Leipzig: Kurt Wolff, 1915. First edition. Cream-colored wrappers with folding flaps, front cover with Ottomar Starke's famous charcoal drawing of a man clutching his head in front of an open door (reminiscent of Edvard Munch's "The Scream"). Greenish-grey endpapers. Some minor creasing to bottom of spine. Small discoloration to lower left corner of front wrapper. Overall, a near fine copy of the very scarce first edition of Kafka's most famous novel. Only a thousand copies were printed. Housed in custom box.
“Written between November 17 and December 7, 1912 during the fit of creative passion that also saw the birth of Das Urteil [The Judgement] and the first chapter of Der Verschollen (Der Heizer) [(The Stoker)]…This ‘exceptionally repulsive story’ is the most sustained work of fiction published during Kafka’s lifetime and the one with which his name is most profoundly associated in the common consciousness: it is the story of Gregor Samsa’s transformation into a giant insect. The strange allegory of alienation—from the self, from one’s very body, from the family, and by analogy from society, the state and the whole of mankind—is one of the defining works of the twentieth-century consciousness. In his critical hierarchy of the great prose works of the Twentieth Century, Vladimir Nabokov rates Die Verwandlung second behind only James Joyce’s Ulysses” (The Breon Mitchell Collection of the Works of Franz Kafka).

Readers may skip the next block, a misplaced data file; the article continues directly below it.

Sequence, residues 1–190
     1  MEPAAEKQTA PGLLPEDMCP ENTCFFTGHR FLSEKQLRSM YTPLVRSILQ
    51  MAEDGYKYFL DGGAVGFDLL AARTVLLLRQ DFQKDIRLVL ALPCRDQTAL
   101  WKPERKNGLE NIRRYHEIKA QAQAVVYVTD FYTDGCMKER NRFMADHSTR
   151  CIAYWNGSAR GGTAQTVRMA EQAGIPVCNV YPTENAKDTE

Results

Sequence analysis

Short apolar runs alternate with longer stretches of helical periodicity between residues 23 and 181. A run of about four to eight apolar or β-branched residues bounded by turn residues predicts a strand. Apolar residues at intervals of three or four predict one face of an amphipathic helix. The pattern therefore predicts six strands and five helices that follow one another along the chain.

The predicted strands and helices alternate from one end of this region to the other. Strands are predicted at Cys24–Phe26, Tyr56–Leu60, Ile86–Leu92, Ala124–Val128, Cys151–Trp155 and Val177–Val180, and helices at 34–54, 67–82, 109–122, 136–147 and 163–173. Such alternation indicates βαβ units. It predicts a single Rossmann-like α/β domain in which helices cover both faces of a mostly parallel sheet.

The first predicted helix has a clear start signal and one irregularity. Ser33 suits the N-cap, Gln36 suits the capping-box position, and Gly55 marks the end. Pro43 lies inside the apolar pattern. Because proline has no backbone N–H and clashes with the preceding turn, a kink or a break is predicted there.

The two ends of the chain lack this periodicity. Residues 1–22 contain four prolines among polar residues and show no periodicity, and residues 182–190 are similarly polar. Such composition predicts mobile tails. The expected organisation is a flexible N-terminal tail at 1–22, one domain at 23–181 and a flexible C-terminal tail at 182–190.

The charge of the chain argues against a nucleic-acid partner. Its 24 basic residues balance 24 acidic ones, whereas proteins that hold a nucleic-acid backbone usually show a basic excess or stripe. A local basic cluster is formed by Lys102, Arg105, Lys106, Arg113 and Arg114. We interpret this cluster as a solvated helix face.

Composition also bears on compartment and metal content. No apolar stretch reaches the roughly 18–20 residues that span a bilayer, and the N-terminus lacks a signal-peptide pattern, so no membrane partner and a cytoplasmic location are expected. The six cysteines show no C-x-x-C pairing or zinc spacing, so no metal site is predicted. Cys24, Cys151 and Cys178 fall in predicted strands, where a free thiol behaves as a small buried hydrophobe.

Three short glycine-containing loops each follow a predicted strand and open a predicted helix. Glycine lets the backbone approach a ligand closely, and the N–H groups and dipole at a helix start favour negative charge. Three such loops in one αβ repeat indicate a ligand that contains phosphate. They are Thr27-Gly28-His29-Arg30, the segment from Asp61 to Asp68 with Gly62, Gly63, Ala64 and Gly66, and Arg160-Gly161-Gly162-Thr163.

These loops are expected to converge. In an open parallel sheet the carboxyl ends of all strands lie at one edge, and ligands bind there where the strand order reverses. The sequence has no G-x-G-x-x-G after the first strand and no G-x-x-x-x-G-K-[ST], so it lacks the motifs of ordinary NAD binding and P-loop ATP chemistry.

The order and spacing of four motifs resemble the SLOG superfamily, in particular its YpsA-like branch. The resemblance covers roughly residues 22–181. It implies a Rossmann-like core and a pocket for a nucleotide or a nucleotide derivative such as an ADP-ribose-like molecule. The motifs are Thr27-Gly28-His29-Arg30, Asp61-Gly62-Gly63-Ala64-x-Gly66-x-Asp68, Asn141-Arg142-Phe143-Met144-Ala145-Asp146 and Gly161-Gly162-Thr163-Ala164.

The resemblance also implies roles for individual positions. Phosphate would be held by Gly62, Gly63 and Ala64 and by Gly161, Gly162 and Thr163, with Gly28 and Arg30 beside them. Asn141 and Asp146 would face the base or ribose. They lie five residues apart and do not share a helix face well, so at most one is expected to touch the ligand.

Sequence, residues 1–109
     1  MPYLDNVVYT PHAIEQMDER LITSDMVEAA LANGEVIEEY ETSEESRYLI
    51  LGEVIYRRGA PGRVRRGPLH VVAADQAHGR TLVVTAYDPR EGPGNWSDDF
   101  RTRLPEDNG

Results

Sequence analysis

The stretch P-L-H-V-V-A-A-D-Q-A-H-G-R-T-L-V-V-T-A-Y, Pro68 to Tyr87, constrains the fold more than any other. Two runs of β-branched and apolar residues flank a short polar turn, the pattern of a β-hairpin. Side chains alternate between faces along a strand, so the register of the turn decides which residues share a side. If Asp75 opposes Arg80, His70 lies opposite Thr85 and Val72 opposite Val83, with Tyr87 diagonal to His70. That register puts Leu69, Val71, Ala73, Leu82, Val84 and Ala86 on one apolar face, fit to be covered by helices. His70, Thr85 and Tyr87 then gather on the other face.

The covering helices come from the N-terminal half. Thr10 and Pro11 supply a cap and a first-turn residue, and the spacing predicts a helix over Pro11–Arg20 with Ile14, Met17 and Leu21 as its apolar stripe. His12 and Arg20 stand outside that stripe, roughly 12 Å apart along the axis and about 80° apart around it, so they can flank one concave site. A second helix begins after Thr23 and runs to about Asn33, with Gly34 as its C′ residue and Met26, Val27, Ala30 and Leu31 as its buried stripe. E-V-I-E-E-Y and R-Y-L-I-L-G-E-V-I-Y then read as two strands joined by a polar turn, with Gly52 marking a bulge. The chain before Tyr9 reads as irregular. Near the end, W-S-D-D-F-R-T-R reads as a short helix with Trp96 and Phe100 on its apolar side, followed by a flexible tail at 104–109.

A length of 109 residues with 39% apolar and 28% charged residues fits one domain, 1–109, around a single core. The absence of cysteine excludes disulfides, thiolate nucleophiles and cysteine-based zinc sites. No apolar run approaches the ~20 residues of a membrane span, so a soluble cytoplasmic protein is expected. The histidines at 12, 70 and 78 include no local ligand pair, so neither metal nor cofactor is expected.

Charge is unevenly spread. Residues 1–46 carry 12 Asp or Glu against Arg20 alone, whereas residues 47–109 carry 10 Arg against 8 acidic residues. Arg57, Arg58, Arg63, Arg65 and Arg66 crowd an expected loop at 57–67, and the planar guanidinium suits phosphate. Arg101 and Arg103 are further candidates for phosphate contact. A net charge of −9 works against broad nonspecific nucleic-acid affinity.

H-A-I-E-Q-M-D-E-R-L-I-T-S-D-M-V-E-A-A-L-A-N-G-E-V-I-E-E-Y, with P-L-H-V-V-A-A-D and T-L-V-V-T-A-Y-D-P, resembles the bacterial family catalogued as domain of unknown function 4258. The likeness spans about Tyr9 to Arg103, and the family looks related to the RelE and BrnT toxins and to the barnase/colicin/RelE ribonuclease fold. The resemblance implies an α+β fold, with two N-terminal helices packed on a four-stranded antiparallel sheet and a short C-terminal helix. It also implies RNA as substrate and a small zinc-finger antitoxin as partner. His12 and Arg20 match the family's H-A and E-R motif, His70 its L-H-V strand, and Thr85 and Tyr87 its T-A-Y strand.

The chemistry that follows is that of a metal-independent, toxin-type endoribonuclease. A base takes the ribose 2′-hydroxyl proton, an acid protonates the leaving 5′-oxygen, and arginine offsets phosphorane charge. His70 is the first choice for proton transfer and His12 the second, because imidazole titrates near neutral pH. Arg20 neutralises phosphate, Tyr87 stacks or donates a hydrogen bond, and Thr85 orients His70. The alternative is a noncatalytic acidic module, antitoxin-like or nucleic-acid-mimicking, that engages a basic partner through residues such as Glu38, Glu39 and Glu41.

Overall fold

Dietz 25. Wronski, Kafka 12. Near Fine (Item #1658)